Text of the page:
Dr. Percy Lavon Julian (1899-1975) was the grandson of Alabama ex-slaves. His prominence and fame developed from his discoveries in chemistry. Early in his discoveries he produced physostigmine, a drug made from Calabar beans that is used to treat glaucoma. While working on the West Side of Chicago for the Glidden Paint Company, he worked in soybean research where he developed foam that put out oil and gas fires. The Navy in World War II saved many lives by using a foam fire extinguisher.
Later, he produced two synthetic hormones, testosterone and progesterone from soybean oil. Testosterone is used in medicine for treatment of testosterone deficiency and certain cancers, while progesterone helps prevent spontaneous abortion in pregnant women. Also he created a drug from the soybean oil that could substitute for the natural cortisone in our bodies. Synthetic cortisone was used to ease the pain of arthritis sufferers. By producing such life-saving products and synthetics, Julian made a number of medical treatments affordable to all people.
Percy Julian was fiercely dedicated, believed in himself, and was determined to succeed. He became an American research chemist of international renown, but his achievement didn’t come easily. He fought racism in his academic, civic and private life.
He fought racism in his academic life by always being at the top or among the top students in his graduating class. First, in 1920, he received a bachelor’s degree from DePauw University in Indiana at the head of his class, honored as Phi Beta Kappa orator and valedictorian. In 1923, he earned his master’s degree from Harvard University, again in the top group of his class. According to Paul de Knuif in a 1946 article in Reader’s Digest, “Julian waited on tables, took care of the furnaces, and made chemistry experiments far into the night.” In 1929, Julian was accepted into the doctoral program at the University of Vienna against stiff international competition for one of the few openings available. In 1931, he was awarded a Ph.D. in organic chemistry at the University of Vienna in Austria.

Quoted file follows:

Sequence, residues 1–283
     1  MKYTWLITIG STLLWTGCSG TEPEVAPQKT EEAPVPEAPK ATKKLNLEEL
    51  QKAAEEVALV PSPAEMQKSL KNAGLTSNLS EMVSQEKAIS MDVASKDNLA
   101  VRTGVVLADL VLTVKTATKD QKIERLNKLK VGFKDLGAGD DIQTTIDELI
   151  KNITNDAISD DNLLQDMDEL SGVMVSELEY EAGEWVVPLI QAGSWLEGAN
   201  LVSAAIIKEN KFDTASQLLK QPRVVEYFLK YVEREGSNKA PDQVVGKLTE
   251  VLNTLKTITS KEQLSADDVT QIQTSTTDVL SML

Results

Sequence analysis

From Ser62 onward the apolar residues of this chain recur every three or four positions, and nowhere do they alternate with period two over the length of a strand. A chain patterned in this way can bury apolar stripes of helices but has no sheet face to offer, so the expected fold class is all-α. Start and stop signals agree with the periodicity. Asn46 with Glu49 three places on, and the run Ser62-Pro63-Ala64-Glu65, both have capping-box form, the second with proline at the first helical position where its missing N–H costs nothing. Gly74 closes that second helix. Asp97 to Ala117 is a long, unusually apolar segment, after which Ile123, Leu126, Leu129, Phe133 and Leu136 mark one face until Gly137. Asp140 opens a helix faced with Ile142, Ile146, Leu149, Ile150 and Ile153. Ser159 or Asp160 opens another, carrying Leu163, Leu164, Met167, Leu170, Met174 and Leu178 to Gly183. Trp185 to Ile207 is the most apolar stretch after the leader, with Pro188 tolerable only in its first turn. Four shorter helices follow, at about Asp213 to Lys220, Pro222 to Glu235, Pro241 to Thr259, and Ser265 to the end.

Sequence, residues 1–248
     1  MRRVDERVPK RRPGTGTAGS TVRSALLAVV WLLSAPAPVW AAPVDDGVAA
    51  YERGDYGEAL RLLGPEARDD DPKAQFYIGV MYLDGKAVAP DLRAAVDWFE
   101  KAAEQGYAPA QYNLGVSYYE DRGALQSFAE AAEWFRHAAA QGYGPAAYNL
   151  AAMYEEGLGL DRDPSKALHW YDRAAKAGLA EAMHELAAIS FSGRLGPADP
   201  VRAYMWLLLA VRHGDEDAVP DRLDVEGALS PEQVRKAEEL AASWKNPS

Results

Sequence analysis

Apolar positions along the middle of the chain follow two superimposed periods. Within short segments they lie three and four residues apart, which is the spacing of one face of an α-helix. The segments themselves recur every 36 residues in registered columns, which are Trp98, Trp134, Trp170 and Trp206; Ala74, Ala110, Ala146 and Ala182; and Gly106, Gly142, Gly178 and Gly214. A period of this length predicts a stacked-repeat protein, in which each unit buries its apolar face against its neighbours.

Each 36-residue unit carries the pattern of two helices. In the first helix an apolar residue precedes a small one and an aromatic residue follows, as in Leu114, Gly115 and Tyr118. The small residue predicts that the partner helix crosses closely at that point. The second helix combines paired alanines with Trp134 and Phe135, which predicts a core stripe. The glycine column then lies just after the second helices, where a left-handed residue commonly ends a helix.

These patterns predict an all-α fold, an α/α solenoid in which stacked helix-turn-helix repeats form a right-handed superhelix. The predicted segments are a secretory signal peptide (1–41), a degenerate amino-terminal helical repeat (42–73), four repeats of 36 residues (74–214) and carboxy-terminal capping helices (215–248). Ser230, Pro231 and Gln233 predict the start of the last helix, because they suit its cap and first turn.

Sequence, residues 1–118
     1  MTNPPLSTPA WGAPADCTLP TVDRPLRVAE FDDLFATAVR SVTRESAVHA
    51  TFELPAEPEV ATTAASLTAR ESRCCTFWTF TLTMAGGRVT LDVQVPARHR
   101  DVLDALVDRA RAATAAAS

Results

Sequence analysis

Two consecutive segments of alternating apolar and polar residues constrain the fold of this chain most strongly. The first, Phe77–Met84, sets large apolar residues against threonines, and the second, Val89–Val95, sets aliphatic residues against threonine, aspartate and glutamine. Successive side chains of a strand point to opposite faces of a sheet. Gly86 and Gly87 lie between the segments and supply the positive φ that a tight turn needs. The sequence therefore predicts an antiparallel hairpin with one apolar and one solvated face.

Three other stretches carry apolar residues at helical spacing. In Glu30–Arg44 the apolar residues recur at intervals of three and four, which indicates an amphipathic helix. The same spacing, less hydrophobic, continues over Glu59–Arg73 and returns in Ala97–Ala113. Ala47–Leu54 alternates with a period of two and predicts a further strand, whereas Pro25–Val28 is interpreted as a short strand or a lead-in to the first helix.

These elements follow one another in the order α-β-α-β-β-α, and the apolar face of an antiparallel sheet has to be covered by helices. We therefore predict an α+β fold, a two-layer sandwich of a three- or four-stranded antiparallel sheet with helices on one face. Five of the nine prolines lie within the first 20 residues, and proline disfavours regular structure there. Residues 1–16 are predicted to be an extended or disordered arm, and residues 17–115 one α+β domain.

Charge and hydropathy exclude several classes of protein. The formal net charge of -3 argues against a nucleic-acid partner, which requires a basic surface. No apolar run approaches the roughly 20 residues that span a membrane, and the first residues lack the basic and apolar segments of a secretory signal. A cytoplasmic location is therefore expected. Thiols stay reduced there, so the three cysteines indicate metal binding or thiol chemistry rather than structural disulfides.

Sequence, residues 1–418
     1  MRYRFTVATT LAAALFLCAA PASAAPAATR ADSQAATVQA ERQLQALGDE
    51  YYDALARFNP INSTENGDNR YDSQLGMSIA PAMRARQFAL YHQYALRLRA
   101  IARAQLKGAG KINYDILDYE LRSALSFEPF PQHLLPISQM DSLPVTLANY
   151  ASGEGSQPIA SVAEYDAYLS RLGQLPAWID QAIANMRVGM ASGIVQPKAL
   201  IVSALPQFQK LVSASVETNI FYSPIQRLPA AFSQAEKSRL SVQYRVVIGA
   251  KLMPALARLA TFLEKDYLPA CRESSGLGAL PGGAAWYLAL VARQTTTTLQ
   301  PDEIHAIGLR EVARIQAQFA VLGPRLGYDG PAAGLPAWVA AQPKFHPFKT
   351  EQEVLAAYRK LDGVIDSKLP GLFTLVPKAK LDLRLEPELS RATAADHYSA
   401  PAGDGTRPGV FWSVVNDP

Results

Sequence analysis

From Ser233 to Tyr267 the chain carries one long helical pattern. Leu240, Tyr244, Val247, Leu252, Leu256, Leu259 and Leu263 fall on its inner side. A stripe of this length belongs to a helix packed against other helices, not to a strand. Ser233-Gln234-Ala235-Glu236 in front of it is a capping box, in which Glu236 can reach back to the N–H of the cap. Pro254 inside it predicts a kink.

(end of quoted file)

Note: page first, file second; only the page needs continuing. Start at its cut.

In his civic life he fought racial injustice. In 1956, he became at the national level the first black layman to head the Council for Social Action of the Congregational Christian Churches. The council raised funds to support court challenges to segregation. On another occasion, according to the New York Times, the council asked all members to “support nonsegregated practices in selling, buying and leasing property.” Finally, the council raised litigation funds for a delegate who had been refused admission to an American Legion Post.
Later, in 1967, Julian and a group of 47 wealthy businesspersons and professionals raised money for the NAACP Legal Defense and Educational Fund. The group, calling itself the National Negro Business and Professional Committee for the Legal Defense Fund, announced in the New York Times, “This means the Negro millionaire is coming of age and taking a responsible place in the community.”
In his private life, he fought back against racism. In 1950, Dr. Julian, one of the first black residents of Oak Park, confronted the village government who resisted turning the water on in his home. Julian threatened to go to court if the water commissioner didn’t turn the water to his house on. Also in 1950, after a failed arson attempt on his home, as reported in the Chicago Defender, Mrs. Julian said, “We refuse to be intimidated.” In 1951, after a second arson attempt on Dr. Julian’s home resulted in an explosion, Julian told the New York Times, “We’ve lived through these things all our lives. As far as the hurt to the spirit goes, we’ve become accustomed to that.” The Julians persevered, however, and Percy’s daughter, Faith, still lives in the family home in Oak Park.
Percy Julian refused to let racism destroy his ambitions, goals and desires.
The PBS TV series NOVA will devote an episode to the life of Percy Julian on Tuesday, Feb. 6 (Channel 11).